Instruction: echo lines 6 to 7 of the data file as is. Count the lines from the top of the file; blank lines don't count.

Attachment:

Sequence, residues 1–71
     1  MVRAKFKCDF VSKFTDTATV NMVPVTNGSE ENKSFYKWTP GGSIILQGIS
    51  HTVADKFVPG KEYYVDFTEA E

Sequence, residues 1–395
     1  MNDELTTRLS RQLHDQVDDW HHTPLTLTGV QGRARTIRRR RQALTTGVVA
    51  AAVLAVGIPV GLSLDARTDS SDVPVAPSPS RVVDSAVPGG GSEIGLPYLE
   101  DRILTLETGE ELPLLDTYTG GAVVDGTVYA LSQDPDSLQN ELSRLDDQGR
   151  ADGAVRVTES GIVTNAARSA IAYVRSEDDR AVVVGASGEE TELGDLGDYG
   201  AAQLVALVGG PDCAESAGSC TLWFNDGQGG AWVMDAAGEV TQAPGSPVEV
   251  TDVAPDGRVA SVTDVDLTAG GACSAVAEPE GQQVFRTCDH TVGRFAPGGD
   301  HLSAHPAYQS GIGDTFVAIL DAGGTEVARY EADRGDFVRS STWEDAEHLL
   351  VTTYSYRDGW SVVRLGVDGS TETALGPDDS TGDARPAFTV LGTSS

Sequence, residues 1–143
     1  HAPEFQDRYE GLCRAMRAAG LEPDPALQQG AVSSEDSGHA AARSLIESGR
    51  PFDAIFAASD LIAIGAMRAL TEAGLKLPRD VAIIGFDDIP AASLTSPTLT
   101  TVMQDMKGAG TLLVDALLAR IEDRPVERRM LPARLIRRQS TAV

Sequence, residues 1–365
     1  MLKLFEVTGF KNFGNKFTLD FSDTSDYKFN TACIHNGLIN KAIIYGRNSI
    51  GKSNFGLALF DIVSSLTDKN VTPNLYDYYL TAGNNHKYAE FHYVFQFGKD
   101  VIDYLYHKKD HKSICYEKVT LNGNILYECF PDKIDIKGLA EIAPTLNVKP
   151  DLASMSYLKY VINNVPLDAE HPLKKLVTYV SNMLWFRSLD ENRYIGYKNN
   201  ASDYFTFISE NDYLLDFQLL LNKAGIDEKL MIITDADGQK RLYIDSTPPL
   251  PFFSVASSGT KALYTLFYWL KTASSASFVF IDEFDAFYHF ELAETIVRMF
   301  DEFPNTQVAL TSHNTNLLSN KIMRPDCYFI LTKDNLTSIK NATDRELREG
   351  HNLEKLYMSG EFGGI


    51  AAVLAVGIPV GLSLDARTDS SDVPVAPSPS RVVDSAVPGG GSEIGLPYLE
   101  DRILTLETGE ELPLLDTYTG GAVVDGTVYA LSQDPDSLQN ELSRLDDQGR